The CRA: Please tell us a little about yourself and the books you write.
A journalist by trade, I worked as a crime reporter on newspapers for part of my career, which gave me ample material for my crime novels. I ran my own business for 21 years, specialising in magazine journalism, and branched out into creative writing courses. The business closed in March 2020 and I now focus on my writing and writing-related projects.
I have had 19 novels published and am with The Book Folks. I am the creator of the DCI John Blizzard and DCI Jack Harris series and, as John Stanley, wrote two books in the DCI Danny Radford series. They are all police procedurals, with the Harris books set in a rural location and the other two series taking place in fictional northern cities.
I have been a Crime Writers’ Association member for sixteen years and am the CWA Libraries Champion in Scotland, speaking up for our libraries and putting writers in touch with them where required.
The CRA: Tell us about what you are doing during lockdown/while social distancing?
I live on a hillside in south-west Scotland and the nearest neighbour is a quarter of a mile away so social distancing and lockdown has been relatively easy for myself and the family. However, as someone with underlying health issues which make me vulnerable to the coronavirus, all of us have been exceptionally careful. My thoughts go out to all those who have been afflicted by the disease and to all those who have been working so hard to support our society.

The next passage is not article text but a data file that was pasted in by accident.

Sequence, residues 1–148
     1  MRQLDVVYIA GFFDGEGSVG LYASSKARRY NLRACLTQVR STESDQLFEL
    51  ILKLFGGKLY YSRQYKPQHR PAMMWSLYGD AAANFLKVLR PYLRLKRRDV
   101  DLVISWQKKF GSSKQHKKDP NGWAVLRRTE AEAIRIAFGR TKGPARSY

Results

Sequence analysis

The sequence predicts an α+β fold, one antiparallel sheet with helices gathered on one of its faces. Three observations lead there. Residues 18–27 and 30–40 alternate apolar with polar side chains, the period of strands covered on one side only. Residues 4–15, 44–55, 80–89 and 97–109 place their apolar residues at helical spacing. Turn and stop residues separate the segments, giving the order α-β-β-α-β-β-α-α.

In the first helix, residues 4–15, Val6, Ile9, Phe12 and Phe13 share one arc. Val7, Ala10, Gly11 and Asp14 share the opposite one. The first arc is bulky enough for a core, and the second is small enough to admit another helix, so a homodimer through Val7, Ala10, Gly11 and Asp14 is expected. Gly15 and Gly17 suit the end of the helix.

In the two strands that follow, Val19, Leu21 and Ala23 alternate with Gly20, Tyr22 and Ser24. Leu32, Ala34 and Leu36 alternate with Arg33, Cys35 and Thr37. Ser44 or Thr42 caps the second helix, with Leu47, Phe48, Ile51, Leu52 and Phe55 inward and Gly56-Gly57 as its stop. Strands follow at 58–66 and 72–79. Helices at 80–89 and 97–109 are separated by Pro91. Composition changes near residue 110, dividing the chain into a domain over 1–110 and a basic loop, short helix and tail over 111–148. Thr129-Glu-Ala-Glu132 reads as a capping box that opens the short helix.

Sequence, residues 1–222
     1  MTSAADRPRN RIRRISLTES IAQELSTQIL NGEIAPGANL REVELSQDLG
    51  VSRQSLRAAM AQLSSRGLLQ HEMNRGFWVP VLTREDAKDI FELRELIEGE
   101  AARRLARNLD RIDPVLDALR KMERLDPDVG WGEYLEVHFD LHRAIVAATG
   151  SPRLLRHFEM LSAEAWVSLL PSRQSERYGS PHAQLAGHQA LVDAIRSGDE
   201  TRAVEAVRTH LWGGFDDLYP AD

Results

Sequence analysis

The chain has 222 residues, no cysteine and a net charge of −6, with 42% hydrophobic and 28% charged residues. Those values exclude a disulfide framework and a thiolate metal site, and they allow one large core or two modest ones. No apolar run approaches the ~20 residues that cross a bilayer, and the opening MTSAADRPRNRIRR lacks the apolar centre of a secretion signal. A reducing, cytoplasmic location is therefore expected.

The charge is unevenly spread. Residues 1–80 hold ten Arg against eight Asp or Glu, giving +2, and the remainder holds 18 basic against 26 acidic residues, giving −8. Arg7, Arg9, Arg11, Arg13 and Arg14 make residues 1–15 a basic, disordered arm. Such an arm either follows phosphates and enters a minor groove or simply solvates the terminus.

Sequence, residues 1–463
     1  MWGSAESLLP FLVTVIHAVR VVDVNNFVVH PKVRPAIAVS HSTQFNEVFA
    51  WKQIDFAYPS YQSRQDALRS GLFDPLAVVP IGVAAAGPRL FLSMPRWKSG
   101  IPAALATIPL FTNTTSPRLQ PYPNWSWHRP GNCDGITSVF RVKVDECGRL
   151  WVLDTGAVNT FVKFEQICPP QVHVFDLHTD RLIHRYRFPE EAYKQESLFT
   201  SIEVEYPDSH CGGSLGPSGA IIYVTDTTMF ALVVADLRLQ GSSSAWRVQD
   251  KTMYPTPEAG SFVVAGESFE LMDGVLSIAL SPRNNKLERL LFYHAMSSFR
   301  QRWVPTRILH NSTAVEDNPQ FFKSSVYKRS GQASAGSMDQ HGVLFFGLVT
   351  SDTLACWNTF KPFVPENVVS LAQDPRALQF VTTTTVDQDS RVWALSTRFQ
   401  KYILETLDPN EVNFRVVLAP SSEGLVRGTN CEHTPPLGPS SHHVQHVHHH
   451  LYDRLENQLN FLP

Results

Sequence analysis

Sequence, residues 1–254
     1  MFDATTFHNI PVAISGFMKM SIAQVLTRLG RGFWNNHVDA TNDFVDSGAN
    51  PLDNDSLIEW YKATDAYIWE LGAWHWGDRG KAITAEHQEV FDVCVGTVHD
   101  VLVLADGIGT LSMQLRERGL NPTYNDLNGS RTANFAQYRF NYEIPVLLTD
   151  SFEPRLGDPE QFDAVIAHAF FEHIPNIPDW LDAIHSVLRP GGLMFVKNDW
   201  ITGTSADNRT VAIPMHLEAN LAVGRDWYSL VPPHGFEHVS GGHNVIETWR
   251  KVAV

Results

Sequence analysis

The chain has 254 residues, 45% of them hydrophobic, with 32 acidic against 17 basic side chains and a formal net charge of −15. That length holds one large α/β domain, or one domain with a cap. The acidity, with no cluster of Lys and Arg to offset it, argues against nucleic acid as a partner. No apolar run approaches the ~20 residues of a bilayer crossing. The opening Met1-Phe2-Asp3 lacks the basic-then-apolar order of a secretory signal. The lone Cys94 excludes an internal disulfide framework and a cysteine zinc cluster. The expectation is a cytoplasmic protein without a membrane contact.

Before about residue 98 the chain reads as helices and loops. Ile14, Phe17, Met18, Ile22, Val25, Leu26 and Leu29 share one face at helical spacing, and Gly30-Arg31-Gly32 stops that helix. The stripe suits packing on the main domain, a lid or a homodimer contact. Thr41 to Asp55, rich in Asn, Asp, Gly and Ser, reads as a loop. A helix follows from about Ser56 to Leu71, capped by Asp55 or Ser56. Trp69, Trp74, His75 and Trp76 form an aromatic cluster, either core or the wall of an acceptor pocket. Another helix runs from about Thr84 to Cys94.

The CRA: How does the above differ from your usual routine?
I would still be writing (four hours a day on average) but the lockdown means that we only leave our hillside for essential activities, which has had the effect of wiping out our social contact, other than via phone and digitally.
The CRA: Tell us about your most recent book.
The Killing Line (The Book Folks) came out in March 2020. A schoolgirl is found dead from a drugs overdose, the second in a few weeks. DCI Jack Harris suspects there is more to the tragedy in the small Pennine town of Levton Bridge. The locals are campaigning for a young offender centre to be closed down and there may be links to the death of the girls. With the townsfolk putting increasing pressure on the authorities, Harris must get results. This is the seventh book in the series but can be enjoyed entirely on its own.
The CRA: Why will it appeal to lovers of crime fiction?
The Harris books are set in a remote North Pennines valley which creates a strong sense of claustrophobia, which makes for good crime fiction, I think.
The CRA: What CWA member writers are you reading during NCRM?
Peter May – a master when it comes to creating sense of place. I appreciate that because, as a writer, I am inspired by a sense of place. Whether it be a gloomy city or a stunning hillside, a glass-strewn council estate or a majestic waterfall, something about my surroundings repeatedly triggers ideas.
I always contend that despite the many elements of fiction, it comes down to a triangle, three things that come together to make the story work right from the off – plot, people and place. Get them right and pace, economy of words, themes, emotions, the lot, fall into line. I know writers who would say it all starts with the story. Others would put characters at the top, but I usually start with the place.
The CRA: What one thing are you planning to do once lockdown is over?
Go to our local café for a cheese scone!
For more information about John Dean and his books, visit the CRA website.